In an interview Wednesday, Mr. Howe explained that it was important to determine whether the worms — which are the larval form of the greater wax moth and are commercially bred to be used by fishermen — were actually breaking chemical bonds in the plastic, and not just chewing the material down into smaller pieces.
To answer the question, the researchers employed what Mr. Howe delicately referred to as a “homogenated worm.” The scientists ground the larvae in a blender and spread the resulting paste on the plastic. That showed that it was some chemical or combination of chemicals within the insects that was causing the plastic to degrade.
“We think that it’s some enzyme that’s involved,” Mr. Howe said. “We don’t know if it’s actually produced by the worms or actually is produced by bacteria in the gut of the worms.”
That mystery enzyme or enzymes is breaking the long chain of carbon atoms at the center of the plastic into smaller containing molecules, Mr. Howe said. And while the researchers are not yet sure what those smaller molecules are, it is likely that they will be easier to recycle and reuse than the plastic from which they came.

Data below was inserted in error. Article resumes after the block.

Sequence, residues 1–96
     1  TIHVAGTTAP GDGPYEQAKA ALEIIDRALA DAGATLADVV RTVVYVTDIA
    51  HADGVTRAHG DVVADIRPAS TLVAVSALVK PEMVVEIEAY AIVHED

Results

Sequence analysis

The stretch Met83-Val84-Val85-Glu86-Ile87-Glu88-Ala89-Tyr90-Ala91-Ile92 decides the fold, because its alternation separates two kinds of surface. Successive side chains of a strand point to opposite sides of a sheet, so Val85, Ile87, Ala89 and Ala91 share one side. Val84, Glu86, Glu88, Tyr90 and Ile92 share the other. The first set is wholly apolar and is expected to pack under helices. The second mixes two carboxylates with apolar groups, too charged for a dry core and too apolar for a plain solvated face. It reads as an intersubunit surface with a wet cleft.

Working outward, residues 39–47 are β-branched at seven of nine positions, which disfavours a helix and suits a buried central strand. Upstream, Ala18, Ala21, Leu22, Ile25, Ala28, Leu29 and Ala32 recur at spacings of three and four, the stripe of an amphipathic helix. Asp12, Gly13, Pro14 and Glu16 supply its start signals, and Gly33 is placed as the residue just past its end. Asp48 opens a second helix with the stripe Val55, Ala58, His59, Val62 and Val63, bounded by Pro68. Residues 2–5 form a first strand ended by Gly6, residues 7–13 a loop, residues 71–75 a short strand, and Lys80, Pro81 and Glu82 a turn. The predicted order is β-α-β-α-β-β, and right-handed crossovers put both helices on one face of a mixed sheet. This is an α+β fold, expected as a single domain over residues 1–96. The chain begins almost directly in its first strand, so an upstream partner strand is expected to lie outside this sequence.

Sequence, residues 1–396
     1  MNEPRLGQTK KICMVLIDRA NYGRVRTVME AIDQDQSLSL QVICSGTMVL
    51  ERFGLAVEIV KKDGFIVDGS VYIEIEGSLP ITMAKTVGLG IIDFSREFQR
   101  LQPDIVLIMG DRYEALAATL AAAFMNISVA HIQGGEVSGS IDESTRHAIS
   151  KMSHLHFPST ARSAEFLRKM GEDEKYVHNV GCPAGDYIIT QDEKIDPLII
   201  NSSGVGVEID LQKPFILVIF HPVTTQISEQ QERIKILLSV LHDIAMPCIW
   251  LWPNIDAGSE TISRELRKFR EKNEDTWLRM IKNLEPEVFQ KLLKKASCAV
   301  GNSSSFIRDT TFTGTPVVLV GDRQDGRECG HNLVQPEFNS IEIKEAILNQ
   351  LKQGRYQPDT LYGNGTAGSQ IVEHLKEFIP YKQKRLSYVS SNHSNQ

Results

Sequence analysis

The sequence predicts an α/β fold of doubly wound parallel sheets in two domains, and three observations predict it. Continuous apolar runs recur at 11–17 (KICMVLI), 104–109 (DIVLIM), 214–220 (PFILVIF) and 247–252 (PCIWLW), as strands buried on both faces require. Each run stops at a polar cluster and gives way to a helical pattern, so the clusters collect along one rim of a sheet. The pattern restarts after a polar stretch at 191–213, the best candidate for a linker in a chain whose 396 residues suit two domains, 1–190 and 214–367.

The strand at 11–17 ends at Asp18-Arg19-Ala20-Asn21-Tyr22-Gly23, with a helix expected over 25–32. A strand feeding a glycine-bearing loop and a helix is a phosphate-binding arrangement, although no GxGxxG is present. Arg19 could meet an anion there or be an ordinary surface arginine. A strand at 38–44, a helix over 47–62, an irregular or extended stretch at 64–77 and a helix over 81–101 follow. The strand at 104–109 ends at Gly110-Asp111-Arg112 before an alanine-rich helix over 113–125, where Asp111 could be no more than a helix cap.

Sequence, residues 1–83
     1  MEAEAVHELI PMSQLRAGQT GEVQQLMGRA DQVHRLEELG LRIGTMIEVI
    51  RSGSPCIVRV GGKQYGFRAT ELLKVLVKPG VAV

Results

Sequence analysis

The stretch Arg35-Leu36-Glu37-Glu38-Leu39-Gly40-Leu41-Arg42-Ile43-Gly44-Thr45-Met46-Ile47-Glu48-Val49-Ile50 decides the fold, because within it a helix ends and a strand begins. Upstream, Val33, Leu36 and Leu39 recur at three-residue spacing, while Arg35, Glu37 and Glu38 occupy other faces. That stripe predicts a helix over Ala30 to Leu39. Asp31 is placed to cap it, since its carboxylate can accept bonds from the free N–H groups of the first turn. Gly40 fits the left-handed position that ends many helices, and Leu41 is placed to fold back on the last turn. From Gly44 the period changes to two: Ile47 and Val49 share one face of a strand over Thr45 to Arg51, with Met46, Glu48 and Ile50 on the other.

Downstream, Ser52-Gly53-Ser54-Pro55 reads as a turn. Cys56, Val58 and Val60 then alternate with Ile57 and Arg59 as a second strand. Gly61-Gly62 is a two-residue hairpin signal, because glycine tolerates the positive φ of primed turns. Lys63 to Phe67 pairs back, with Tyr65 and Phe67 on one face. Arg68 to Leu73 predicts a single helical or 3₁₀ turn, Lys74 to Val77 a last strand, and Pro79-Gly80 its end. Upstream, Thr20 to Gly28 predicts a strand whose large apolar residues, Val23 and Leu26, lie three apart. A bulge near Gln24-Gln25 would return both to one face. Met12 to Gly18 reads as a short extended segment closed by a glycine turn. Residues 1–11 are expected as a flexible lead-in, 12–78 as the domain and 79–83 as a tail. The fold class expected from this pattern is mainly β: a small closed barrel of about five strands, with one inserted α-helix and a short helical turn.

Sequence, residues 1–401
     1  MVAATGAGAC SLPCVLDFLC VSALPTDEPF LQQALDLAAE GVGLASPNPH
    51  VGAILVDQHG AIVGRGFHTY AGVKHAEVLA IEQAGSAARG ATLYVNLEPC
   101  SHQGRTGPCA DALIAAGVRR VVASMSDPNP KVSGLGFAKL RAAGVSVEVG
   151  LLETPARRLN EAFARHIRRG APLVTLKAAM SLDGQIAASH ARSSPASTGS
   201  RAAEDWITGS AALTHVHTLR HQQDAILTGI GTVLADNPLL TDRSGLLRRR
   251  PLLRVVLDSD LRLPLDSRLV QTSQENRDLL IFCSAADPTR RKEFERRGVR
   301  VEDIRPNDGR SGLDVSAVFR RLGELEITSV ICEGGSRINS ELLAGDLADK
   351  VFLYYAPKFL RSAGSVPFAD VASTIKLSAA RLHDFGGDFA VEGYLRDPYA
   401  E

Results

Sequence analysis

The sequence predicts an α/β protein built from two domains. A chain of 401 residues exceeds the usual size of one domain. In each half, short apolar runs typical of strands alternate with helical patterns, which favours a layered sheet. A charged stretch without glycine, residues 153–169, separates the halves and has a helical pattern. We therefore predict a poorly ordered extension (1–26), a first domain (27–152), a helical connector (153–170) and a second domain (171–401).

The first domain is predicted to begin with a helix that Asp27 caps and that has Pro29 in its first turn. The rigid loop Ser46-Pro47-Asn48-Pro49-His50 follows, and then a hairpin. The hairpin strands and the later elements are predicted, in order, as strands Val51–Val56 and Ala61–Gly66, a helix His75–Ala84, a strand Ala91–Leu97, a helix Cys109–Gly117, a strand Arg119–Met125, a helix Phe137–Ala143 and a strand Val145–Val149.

Next, the scientists will begin to isolate individual elements within extracts from the worms, in an attempt to narrow down the chemical breaking the plastic’s bonds. If they are able to isolate that enzyme, then it might be possible to obtain the gene governing it and to insert that gene into a bacteria, which could be easier than cultivating the worms. Eventually, that bacteria could be used as the basis of a biotechnology process, Mr. Howe said.
He cautioned, however, that it would be at least several years before the initial discovery could lead to such a result.
“It’s certainly not going to be the case that within six months we’ve solved the world’s plastic problem,” he said. “I certainly wouldn’t want your readers to think that within a few months, they can start throwing away plastic bags without worrying about it.”